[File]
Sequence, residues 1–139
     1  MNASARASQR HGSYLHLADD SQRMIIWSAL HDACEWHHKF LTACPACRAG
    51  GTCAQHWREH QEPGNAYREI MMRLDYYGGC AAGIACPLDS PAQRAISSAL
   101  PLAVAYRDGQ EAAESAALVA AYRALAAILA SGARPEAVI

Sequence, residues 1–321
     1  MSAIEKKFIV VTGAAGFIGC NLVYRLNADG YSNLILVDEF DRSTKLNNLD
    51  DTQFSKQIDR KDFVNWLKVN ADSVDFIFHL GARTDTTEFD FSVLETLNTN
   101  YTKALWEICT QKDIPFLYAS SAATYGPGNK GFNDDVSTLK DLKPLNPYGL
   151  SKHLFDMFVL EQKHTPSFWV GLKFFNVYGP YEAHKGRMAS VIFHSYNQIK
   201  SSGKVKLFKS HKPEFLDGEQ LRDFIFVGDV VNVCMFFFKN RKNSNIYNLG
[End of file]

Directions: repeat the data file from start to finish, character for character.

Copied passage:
Sequence, residues 1–139
     1  MNASARASQR HGSYLHLADD SQRMIIWSAL HDACEWHHKF LTACPACRAG
    51  GTCAQHWREH QEPGNAYREI MMRLDYYGGC AAGIACPLDS PAQRAISSAL
   101  PLAVAYRDGQ EAAESAALVA AYRALAAILA SGARPEAVI

Sequence, residues 1–321
     1  MSAIEKKFIV VTGAAGFIGC NLVYRLNADG YSNLILVDEF DRSTKLNNLD
    51  DTQFSKQIDR KDFVNWLKVN ADSVDFIFHL GARTDTTEFD FSVLETLNTN
   101  YTKALWEICT QKDIPFLYAS SAATYGPGNK GFNDDVSTLK DLKPLNPYGL
   151  SKHLFDMFVL EQKHTPSFWV GLKFFNVYGP YEAHKGRMAS VIFHSYNQIK
   201  SSGKVKLFKS HKPEFLDGEQ LRDFIFVGDV VNVCMFFFKN RKNSNIYNLG